Thus many of McConnell's supporters have embraced "welfare reform" and Medicaid rules that culled 100,000 people from the rolls in recent years, even as the state, Porter writes, has "the most cancer deaths in the nation, and the most preventable hospitalizations" and is near the top in its death rate from diabetes. (Kentucky's Medicaid program has been a rollercoaster over the last several years; one of Democratic Gov. Andy Beshear's first orders of business last December was to roll back the work requirements his Republican predecessor Matt Bevin put on Medicaid recipients in an effort to derail the expansion enacted under the Affordable Care Act.)
A Kentucky friend of mine shared with me the phrase "shame-natured" to describe the mixture of "low self-esteem and fierce pride, independence, and a sense of honor," as she puts it, which some conservative white working-class Southern voters have long carried with them into the booth. But the pandemic has up-ended much in their lives, and a parsimonious response could put McConnell on thinner ice with GOP reliables whose incomes have shriveled due to the virus. Perhaps McConnell hasn't yet heard the concerns of Republican voters like the Corbin truck driver who told the Washington Post back in August that he's "scared to death of losing everything" and angry at GOP leaders for failing to authorize another round of stimulus payments.
Or perhaps McConnell is hoping that party-line voters who are hurting economically will give him a pass, especially in the rural parts of his state, or at least let him ride Trump's coattails as the President rails against "Democrat-led cities" and other dog whistles in his rallies and tweets. McConnell knows that whites' anger and resentment can shift easily, with a little prompting from the right, into blaming minorities for the many little increments of humiliation and loss that have accumulated in their own lives. The more obvious it becomes that their racism is hurting not only Black people but also themselves, the more furiously some people deny it, like philosopher George Santayana's fanatic, who redoubles his energy when he has forgotten his aim. Trump's demagoguery channels their hurts into cravings for scapegoats — not only Black people, but also the "elites" — and for revenge.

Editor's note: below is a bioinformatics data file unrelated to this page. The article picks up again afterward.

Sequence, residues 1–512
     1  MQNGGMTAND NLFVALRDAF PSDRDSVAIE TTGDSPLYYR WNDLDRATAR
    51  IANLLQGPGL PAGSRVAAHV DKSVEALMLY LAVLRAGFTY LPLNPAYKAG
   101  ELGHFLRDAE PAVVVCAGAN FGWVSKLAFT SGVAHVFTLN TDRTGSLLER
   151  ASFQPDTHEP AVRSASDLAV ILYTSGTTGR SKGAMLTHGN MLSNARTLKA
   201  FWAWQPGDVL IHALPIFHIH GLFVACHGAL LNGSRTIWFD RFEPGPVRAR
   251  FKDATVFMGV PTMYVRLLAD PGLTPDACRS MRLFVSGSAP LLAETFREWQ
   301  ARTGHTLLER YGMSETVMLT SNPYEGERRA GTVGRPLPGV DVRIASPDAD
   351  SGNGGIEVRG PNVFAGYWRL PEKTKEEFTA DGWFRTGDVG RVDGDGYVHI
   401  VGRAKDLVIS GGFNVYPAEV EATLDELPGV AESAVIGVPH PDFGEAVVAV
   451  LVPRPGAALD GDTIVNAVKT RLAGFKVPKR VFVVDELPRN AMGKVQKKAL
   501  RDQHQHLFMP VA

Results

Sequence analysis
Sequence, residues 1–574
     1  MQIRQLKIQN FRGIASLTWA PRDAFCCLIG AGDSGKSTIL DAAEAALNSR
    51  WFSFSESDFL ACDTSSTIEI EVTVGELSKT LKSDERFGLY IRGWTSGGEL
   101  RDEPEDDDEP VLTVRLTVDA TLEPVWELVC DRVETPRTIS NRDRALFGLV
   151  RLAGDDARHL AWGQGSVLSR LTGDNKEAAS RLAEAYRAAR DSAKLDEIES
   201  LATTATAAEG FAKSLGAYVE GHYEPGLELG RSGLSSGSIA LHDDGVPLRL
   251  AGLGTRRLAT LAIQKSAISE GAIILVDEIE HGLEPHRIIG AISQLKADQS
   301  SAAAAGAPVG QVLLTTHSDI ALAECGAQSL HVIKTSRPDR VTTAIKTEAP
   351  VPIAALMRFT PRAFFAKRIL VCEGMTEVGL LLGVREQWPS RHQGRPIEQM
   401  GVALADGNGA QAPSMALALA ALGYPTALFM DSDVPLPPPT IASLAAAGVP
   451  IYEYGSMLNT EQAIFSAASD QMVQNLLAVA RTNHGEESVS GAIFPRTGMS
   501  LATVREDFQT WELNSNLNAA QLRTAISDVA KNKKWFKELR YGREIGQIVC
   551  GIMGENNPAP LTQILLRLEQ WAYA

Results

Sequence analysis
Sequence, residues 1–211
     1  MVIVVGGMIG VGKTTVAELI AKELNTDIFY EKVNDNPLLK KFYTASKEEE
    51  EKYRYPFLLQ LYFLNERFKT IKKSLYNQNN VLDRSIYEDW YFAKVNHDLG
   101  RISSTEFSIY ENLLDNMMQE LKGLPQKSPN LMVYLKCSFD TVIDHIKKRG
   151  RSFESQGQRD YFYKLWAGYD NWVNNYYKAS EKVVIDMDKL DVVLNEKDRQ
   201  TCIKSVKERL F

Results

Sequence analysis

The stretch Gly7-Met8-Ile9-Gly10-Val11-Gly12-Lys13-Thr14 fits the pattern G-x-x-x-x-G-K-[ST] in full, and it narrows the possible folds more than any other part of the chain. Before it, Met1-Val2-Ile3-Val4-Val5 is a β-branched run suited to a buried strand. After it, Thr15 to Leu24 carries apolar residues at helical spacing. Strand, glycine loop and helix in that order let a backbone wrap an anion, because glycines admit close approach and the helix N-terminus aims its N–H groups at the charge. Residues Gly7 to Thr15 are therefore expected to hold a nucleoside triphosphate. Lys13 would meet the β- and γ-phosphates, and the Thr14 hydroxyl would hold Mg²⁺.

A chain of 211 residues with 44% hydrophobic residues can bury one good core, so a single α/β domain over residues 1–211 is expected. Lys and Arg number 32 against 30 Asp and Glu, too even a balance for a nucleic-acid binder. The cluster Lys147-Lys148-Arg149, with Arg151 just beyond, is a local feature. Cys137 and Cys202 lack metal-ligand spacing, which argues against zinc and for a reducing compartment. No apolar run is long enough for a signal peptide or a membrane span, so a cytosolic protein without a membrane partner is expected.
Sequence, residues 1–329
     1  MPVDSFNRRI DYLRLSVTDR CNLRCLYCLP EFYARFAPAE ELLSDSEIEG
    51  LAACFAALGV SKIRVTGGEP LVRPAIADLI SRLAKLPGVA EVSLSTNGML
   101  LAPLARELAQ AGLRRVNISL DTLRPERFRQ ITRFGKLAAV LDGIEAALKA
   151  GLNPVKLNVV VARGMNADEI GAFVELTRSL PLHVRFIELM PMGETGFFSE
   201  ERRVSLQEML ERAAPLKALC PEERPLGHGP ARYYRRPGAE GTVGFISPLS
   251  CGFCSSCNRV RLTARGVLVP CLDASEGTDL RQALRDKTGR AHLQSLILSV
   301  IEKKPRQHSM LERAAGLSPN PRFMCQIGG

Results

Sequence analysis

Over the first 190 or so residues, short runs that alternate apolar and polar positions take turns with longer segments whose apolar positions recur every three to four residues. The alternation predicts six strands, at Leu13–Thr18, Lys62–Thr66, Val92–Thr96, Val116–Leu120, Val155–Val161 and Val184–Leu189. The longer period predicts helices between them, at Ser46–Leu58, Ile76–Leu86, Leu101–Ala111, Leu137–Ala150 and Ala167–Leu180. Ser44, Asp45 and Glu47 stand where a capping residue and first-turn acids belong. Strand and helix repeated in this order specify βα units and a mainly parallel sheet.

We have to hope that COVID is bringing a different set of priorities and calculations home to Trump's and McConnell's bases. The state's recent election of Beshear may signal the beginning of a slow shift in that direction (though recent polls suggest that approval of Beshear isn't necessarily boosting McGrath's chances in her race against McConnell, and Trump is projected to win Kentucky handily, if by a slimmer margin than 2016).
Opportunist that Trump is, he seems poised to seize on a shift in the wind if he deems it advantageous. McConnell may not sense it, or he might have too much invested in his own image as the power-broker and conservator of right-wing ideals to switch lanes now. With or without a big pre-election stimulus announcement, we'll see soon enough how much of the national Republican base is shifting and fragmenting as COVID cases rise and economic destitution sets in, and how much of it still resembles Santayana's fanatics after this election.